Proposal includes grants to businesses, sales tax relief, and more
ST. PAUL —House Republicans on Tuesday unveiled a package designed to help Minnesota businesses hampered by the latest executive orders from Gov. Tim Walz.
The Main Street Relief Act is headlined by a $400 million grant fund designed to support restaurants, bars, breweries, bowling alleys, theaters, gyms, and other establishments that have been ordered to close or limit operations since last week.
“It is disappointing that we find ourselves in a situation where small-business relief is necessary, but that is the harsh reality,” said Rep. Dean Urdahl, R-Acton Township. “Restrictions the governor has placed upon our small businesses may be a contributing factor, compounding challenges local businesses face. That said, we need to do what is right for our businesses and their workers who have been unduly damaged during this pandemic.
“We simply can’t ignore this problem – regardless of what or whom is to blame – while Main Street continues to wilt, or the road to recovery will only be longer and the pain more severe. This relief package helps to buy some time until we get to the point the economy fully re-opens, which I hope is soon.”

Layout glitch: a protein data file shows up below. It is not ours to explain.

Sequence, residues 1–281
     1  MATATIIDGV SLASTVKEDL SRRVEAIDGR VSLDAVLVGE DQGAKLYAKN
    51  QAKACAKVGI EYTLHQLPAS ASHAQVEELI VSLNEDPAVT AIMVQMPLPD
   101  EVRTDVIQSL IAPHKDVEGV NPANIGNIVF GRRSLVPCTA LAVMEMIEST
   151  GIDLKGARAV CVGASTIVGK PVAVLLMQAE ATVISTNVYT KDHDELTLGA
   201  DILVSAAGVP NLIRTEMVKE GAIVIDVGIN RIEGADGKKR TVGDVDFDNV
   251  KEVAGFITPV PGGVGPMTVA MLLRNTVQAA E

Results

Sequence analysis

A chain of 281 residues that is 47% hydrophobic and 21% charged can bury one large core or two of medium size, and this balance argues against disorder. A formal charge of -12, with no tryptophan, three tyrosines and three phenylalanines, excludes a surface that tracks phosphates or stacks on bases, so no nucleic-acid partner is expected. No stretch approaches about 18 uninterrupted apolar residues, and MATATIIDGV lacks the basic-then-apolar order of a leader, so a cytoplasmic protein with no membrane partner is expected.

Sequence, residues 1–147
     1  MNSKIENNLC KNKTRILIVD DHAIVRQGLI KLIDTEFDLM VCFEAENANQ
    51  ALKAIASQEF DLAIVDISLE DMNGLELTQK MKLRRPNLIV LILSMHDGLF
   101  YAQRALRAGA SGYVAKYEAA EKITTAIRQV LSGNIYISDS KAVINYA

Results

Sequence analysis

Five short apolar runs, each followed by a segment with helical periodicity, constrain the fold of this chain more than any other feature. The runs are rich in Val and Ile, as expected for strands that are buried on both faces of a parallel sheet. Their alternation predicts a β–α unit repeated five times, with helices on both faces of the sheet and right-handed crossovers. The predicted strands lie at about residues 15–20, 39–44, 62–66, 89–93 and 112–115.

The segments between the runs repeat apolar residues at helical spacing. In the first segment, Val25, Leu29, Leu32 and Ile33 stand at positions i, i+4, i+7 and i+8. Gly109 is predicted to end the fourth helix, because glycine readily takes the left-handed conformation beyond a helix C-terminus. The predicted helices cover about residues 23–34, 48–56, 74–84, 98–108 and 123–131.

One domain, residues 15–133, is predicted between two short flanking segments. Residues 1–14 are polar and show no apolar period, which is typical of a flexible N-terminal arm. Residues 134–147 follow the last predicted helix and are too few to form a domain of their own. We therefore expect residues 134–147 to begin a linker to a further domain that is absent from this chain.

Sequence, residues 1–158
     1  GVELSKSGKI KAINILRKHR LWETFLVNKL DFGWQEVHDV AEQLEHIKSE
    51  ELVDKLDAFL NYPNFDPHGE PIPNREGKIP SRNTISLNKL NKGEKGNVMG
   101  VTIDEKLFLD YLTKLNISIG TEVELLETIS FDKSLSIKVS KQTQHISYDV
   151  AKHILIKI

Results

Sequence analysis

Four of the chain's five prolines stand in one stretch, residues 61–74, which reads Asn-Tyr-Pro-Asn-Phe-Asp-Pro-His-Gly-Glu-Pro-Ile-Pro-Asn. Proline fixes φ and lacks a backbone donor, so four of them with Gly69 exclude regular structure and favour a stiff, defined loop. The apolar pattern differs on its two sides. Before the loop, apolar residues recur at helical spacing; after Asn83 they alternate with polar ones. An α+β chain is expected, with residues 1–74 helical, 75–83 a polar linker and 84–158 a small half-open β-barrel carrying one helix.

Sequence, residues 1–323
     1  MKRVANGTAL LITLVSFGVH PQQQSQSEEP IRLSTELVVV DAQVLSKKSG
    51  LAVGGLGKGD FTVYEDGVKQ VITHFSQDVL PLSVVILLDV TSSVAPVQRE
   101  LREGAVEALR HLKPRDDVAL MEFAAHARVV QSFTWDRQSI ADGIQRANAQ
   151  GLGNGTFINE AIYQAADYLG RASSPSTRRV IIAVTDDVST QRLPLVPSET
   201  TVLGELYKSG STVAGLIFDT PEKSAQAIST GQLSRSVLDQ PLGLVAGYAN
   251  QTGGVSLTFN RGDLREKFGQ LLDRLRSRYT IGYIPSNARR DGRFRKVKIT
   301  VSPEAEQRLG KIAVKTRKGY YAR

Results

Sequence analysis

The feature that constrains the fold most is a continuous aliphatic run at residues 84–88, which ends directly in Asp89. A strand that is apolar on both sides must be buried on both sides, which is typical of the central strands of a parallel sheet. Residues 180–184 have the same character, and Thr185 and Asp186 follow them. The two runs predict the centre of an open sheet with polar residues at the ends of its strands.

The package includes:
- GRANT PROGRAM FOR BUSINESSES: A $400 million grant program for businesses who have been impacted most by the recent executive orders. This program would be administered through the counties — many of whom have already set up grant programs to distribute CARES Act funding.
- SALES TAX RELIEF: A three-month sales tax holiday for businesses that have been limited to takeout or curbside-only operations, and a three-month sales tax holiday that begins upon reopening for businesses that are currently mandated to be closed altogether.
- LIQUOR FLEXIBILITY: Temporarily doubling the current cap for takeout beer, wine, and liquor sales. In addition, granting flexibility to breweries and others to sell their product in containers up to 64 ounces.
- LICENSE FEE RELIEF: Waiving the state fee for establishments who sell alcohol until 2 a.m. — currently in addition to license fees paid to the county, restaurants, bars, and other establishments pay a separate fee to the state to make sales between 1 and 2 a.m. Legislators also encouraged cities and counties to work to provide as much relief as possible from liquor and other license fees collected at the local level.
- OPEN OUR FITNESS CENTERS AND GYMS: Minnesota gyms and fitness centers have taken extreme caution to keep their clients safe during the pandemic, and physical activity is critical to helping Minnesotans maintain a healthy lifestyle.